Sometimes I wonder whether success in any creative art is more dependent on the singer or the song? That is to say, is it really the photographer or the place? Over the years, I’ve come to realize excellent outdoor images can be made almost anywhere at any time. Nevertheless, that rationalization fades from memory when I find myself surrounded by the awesome grandeur of our nation’s National Parks, and one in particular.
Although it’s in a remote location, Glacier National Park on the Montana Canadian border is rich with photo opportunities for those who visit frequently. Nowhere — except for Alaska — are there primitive wilderness settings as easily accessible as here! By 2020, however, Glacier National Park will have no glaciers! The original estimate for their demise was 2030, but that date has since been revised and a current study may yet again move this date. What this means for those of us doing photography is unclear. Those visitors who have hiked to Jackson, Grinnell or Sperry glaciers in the park have witnessed over the years their decline and increasingly limited accessibility. It’s just tougher to get close to what’s left! This will certainly have an effect on the surrounding plant and animal life. It’s well worth noting that within its 1 million acres, this park still retains almost all its original endemic plant and animal species. It’s doubtful that a name change for the park will take place after the last of the glaciers have gone, however. Glacier National Park it will always be, with or without them! It’s a place where the hand of man has met the environment head on. Its drastically short summer season permits a short window into this hostile habitat with long days and very short nights. Especially so if one wants to sing its song with tripod and camera.
Mule Deer on Logan Pass
Yes, I would prefer that nature’s wildlife step into more of my frames! I’m not a wildlife photographer at all. That is a skill set unto itself. Here the final element presented one more challenge. As I was considering the possibilities for this landscape, I noticed the deer making its way into the scene. I quickly switched from my Singh-Ray LB ColorCombo to an LB Color Intensifier to gain a one-stop advantage in shutter speed. While I lost the advantage of a polarizer, I realized I’d need the extra speed if the deer did indeed enter the frame. I also chose my 3-stop soft-step Graduated ND filter to balance the distant sky. The deer would not cooperate by turning toward me, and I considered not opening the shutter at all. I’ve learned that shooting creatures from behind is not the angle of choice. Then I decided the deer was not my main focal point in this composition. I then waited for it to stop once again and raise its head.
This image was made just after the one above. It’s a good example of my belief that nature never does anything just once. Repeated patterns, textures and shapes are usually found again in the surrounding area and this scene proved that point. Arriving with a reflection pattern fresh in my mind, I was immediately drawn to yet another. Here the reflection was the focal point and I ‘shortened up’ the composition with a longer lens. But this left less feeling of scale. The tree was the last element I needed for this shot and the exposure was set for the snow field at the base of the butte. My Singh-Ray LB ColorCombo was carefully set so that it did not negate the reflection or over-saturate the sky. A 4-stop soft-step ND Grad helped bring the reflection value closer to the exposure for the butte.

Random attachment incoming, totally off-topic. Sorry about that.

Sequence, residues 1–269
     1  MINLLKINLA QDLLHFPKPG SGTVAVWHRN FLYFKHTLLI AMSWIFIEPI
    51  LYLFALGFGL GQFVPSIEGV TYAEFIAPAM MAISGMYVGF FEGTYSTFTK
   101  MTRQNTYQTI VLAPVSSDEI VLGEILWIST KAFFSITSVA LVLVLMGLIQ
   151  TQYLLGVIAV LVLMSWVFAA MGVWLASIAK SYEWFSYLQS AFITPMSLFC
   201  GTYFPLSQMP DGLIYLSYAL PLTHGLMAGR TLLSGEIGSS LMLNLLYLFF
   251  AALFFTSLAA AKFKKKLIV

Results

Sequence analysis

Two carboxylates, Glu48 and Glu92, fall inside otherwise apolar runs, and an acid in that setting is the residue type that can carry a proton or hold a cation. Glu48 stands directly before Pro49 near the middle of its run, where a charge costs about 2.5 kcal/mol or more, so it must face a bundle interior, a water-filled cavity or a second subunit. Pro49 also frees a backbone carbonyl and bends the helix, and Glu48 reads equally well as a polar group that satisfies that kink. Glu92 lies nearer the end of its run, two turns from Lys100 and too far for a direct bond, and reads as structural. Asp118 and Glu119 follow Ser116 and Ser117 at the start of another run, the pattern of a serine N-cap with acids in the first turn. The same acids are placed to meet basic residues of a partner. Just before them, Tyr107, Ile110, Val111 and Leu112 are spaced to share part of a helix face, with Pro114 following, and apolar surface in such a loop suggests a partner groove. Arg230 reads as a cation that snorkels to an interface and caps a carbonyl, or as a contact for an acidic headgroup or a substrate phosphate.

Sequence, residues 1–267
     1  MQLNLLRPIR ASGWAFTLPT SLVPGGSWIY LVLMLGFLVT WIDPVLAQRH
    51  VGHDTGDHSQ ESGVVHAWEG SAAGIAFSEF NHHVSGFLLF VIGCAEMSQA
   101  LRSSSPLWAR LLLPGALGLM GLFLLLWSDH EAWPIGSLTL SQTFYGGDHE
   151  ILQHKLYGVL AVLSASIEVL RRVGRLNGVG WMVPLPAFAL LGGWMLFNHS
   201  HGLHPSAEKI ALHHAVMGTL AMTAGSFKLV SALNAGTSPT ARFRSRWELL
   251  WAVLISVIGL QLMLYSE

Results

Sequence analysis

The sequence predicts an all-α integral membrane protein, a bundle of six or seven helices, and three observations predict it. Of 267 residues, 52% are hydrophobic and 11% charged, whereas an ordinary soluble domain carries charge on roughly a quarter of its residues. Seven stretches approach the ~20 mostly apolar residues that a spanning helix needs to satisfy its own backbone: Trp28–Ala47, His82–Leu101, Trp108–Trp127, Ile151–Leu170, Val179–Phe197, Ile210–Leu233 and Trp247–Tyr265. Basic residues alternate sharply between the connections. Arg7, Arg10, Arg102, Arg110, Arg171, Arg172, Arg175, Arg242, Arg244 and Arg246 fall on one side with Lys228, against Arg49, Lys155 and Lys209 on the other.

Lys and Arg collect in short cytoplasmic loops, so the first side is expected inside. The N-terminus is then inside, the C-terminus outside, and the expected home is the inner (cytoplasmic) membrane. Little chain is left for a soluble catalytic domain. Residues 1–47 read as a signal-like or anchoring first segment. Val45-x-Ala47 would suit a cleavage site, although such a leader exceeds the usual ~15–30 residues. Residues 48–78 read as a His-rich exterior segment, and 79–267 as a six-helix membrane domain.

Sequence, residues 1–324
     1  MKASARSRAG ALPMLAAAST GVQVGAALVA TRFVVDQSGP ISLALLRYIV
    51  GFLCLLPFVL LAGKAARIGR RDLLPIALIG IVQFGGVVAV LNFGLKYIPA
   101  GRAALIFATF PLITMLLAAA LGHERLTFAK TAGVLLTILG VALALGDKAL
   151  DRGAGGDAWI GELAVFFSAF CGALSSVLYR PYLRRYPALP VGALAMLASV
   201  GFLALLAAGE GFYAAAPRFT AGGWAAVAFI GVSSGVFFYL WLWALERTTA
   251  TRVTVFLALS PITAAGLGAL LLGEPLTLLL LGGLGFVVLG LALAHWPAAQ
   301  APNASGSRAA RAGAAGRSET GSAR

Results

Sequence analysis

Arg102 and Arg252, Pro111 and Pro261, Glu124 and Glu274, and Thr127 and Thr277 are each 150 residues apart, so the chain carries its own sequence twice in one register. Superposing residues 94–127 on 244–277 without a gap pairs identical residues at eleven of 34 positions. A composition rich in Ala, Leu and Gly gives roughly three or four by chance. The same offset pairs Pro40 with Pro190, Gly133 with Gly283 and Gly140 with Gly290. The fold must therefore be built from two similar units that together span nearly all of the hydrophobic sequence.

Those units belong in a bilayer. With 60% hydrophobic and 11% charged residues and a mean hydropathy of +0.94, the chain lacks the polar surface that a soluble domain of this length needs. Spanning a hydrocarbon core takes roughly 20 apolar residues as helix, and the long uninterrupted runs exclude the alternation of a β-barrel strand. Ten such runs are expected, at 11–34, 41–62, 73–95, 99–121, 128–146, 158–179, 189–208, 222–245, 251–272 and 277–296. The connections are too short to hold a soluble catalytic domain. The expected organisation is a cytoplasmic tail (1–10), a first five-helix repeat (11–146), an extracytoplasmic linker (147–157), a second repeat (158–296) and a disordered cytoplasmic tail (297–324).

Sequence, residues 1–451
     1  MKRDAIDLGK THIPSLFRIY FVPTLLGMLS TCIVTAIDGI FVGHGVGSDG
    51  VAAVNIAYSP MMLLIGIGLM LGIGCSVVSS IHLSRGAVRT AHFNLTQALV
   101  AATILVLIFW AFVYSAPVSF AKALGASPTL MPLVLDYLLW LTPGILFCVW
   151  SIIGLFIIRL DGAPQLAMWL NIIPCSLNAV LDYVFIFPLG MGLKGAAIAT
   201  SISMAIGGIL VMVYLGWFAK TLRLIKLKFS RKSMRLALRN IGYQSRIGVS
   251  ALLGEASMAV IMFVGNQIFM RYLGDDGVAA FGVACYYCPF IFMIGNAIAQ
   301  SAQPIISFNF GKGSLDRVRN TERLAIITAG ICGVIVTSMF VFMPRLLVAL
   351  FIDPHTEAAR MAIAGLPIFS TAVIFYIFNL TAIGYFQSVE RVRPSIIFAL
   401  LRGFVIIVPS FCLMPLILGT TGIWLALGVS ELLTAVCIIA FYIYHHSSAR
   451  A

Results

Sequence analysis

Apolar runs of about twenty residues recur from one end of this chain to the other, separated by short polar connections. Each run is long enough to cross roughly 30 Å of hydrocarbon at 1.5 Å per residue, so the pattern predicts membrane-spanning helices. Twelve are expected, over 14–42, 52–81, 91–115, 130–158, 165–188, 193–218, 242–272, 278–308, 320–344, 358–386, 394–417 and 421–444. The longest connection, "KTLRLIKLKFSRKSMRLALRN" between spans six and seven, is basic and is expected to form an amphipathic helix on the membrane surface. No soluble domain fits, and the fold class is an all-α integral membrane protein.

Moonset at Swiftcurrent Lake
The eastern part of Glacier National Park is the windy side. It’s also the quiet side in terms of people. The lakes are the main attractions. Swiftcurrent Lake is one of the park’s jewels! In all the years I’ve been photographing these lakes, I’ve only seen a smooth, glass-like surface once! And it was obvious as we stood in the dark an hour before sunrise that this was not going to be the second time. In order to ‘create’ a smoother surface, I used my Vari-N-Trio. With the benefit of the that filter’s built-in warming polarizer and color intensifier all that was needed was to first set a shutter speed and aperture combination that would give a long exposure to blur the water and achieve enough depth of field to keep the foreground rock in sharp focus as well. The last step was to use a 2-stop soft-step ND Grad to hold back the exposure of the moon near the horizon. The exposure was 30 seconds at f/16 at 100 ISO.
Passing Storm at Sundown
Low light and the drama of a passing storm is what we found as the sun was setting over the peaks. A thunderstorm had developed as our day came to an end, and with it came the challenge of composing and exposing this scene. The focal point is way out at the far horizon. Without the ability to change my camera position at the base of the lake, the only way to change my composition was by my choice of a 24mm tilt-shift lens. The reflected clouds were helpful but it was the branch and rock that seemed to anchor a foreground that made the decision for me. The LB ColorCombo was set to take advantage of its built-in polarizing feature to show the lake bottom merging with the cloud reflection. I also used a 3-stop soft-step ND Grad to balance the sky with the foreground. The trick was in the exposure of the foreground. I considered using fill flash but knew the bounce off the water would produce glare. My second thought was the reflector in my vest pocket but there just was not enough light to reflect. In the end I simply used my Petzel head lamps to “paint” the foreground during the 3 second exposure.
Watching the light glow and glaciers recede in this remote wilderness is both breathtaking and heartbreaking, sometimes at the same moment. Although this year’s summer season was no more than a few weeks, every moment spent here is a moment to be cherished. Especially in a viewfinder!